The Idaho Department of Health and Welfare and Central District Health are reporting the first human case of rabies and subsequent death reported in Idaho since 1978. The rabies case was confirmed by the Centers for Disease Control and Prevention (CDC).
In late August, a Boise County man encountered a bat on his property. It flew near him and became caught in his clothing, but he did not believe he had been bitten or scratched. In October, he fell ill and was hospitalized in Boise, where he subsequently died. It was not until after the investigation into his illness began that the bat exposure was discovered.
Public health officials are working closely with the family and healthcare providers. Central District Health is working with the hospital where he was treated to identify people who may have been exposed. Those who had contact with secretions from the individual are being assessed and will be given rabies preventive treatment as needed.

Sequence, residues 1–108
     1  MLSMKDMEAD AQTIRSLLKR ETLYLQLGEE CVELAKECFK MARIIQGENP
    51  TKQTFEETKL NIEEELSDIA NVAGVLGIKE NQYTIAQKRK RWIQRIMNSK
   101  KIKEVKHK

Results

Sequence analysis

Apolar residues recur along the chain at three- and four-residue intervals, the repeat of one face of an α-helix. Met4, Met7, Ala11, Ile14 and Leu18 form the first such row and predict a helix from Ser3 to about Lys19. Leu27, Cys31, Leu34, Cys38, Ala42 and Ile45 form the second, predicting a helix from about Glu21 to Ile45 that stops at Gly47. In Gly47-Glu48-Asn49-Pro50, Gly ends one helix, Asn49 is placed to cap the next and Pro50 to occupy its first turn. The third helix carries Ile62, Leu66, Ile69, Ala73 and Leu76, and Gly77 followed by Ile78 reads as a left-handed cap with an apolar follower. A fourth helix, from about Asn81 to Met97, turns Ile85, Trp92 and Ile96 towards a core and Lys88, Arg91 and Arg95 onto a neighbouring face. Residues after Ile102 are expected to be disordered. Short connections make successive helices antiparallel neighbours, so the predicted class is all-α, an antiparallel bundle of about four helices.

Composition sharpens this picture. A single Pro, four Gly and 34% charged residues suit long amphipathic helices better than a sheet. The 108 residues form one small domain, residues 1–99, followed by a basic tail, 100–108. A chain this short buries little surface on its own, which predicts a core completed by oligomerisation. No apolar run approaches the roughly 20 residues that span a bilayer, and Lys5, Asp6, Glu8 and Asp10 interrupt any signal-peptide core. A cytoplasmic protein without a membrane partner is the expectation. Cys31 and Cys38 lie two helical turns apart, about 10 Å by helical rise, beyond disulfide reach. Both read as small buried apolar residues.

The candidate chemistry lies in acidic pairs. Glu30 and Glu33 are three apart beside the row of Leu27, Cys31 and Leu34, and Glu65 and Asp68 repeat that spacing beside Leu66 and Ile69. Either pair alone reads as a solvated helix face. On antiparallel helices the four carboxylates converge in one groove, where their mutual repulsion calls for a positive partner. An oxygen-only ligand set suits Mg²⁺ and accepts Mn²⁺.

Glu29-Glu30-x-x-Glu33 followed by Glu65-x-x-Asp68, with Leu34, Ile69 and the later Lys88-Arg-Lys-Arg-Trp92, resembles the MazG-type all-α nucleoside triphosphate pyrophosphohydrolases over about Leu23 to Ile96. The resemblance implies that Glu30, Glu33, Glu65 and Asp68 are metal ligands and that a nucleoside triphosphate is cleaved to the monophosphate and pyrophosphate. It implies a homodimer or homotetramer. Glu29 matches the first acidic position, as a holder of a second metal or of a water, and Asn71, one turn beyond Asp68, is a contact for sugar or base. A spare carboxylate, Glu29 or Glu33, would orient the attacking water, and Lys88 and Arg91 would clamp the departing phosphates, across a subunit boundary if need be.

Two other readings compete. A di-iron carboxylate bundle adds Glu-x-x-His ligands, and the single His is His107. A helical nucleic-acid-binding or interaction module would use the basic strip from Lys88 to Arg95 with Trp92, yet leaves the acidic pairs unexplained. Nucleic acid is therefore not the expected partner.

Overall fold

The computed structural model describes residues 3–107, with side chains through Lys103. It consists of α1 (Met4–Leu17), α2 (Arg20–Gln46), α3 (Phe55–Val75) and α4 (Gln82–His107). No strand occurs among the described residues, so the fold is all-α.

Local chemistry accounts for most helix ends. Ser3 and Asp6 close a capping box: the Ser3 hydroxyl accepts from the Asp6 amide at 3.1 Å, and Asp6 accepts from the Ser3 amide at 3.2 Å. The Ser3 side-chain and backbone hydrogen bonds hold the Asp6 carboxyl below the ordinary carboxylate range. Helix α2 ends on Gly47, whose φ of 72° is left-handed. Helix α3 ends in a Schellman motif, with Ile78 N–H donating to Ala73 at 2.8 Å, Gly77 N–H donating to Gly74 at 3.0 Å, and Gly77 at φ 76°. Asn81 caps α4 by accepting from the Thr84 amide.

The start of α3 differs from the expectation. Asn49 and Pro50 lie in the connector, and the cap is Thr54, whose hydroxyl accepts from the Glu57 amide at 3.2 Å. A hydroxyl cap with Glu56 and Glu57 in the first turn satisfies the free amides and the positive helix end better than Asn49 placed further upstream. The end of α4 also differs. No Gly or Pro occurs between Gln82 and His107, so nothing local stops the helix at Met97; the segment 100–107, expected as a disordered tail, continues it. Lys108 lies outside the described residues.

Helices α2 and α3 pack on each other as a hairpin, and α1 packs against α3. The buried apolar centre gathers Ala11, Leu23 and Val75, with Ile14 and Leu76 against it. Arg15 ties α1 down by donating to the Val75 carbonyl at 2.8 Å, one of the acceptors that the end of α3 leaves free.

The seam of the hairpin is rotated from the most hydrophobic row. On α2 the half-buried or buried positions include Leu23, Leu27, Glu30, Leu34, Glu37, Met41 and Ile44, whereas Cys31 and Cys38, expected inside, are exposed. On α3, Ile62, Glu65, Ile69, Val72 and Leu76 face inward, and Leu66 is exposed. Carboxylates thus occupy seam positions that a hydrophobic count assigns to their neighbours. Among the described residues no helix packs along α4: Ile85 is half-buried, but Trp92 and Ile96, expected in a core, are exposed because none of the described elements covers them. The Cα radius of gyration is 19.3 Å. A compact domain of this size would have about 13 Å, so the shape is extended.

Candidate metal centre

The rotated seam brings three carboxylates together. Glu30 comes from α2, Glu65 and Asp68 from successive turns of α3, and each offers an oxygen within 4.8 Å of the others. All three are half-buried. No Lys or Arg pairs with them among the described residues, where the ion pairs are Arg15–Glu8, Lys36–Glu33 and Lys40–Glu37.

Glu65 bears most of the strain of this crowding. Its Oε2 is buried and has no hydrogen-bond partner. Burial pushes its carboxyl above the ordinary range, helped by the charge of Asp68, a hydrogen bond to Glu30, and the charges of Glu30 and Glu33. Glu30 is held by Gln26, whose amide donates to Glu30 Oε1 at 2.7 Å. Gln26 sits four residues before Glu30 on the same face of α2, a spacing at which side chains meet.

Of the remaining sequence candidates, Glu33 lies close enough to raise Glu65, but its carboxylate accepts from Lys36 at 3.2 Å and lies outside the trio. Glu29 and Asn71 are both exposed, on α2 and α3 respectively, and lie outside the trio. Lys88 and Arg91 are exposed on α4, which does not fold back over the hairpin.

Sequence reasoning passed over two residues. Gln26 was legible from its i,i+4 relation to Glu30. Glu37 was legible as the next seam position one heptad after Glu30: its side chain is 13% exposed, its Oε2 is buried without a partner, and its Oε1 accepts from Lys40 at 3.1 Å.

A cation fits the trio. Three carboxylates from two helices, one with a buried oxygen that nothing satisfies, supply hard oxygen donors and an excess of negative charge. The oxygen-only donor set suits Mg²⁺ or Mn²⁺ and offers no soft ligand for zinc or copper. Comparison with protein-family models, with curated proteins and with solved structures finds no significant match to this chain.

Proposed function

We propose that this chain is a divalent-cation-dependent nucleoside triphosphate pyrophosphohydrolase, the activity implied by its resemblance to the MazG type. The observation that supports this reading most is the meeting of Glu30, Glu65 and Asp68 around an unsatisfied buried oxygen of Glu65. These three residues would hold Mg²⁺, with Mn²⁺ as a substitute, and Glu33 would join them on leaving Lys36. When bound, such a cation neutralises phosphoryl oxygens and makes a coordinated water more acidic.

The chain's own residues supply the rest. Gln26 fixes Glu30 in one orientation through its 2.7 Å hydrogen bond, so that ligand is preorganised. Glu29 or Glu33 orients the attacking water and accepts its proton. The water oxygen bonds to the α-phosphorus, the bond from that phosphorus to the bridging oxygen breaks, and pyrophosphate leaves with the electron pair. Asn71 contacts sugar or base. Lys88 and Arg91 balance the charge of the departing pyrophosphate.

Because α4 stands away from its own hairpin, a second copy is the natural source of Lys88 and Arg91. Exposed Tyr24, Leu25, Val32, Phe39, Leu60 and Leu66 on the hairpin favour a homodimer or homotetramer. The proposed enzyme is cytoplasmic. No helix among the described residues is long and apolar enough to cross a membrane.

“This tragic case highlights how important it is that Idahoans are aware of the risk of rabies exposure,” said State Epidemiologist Dr. Christine Hahn. “Although deaths are rare, it is critical that people exposed to a bat receive appropriate treatment to prevent the onset of rabies as soon as possible.”
“Idahoans are reminded that bats can become infected with rabies. While bats can be beneficial to our environment, people should be wary of any bat encounter, including waking up to a bat in your room, or any situation where there may have been a bite or scratch,” said Dr. Leslie Tengelsen, state public health veterinarian.
Bats are the most commonly identified species with rabies in Idaho. “Every year we have several people and pets exposed to rabies in our district, generally spring through fall,” said Central District Health Communicable Disease Control Program Manager Lindsay Haskell. “We want our residents and visitors to Idaho to be informed of the risk of rabies, to take appropriate steps to limit risk, and to take action when necessary.”
Rabies has the highest mortality rate of any disease. While cases of human rabies in the United States are rare, rabies exposures are common, with an estimated 60,000 Americans receiving the post-exposure vaccination series each year.
Learn more about rabies in this recent livestream: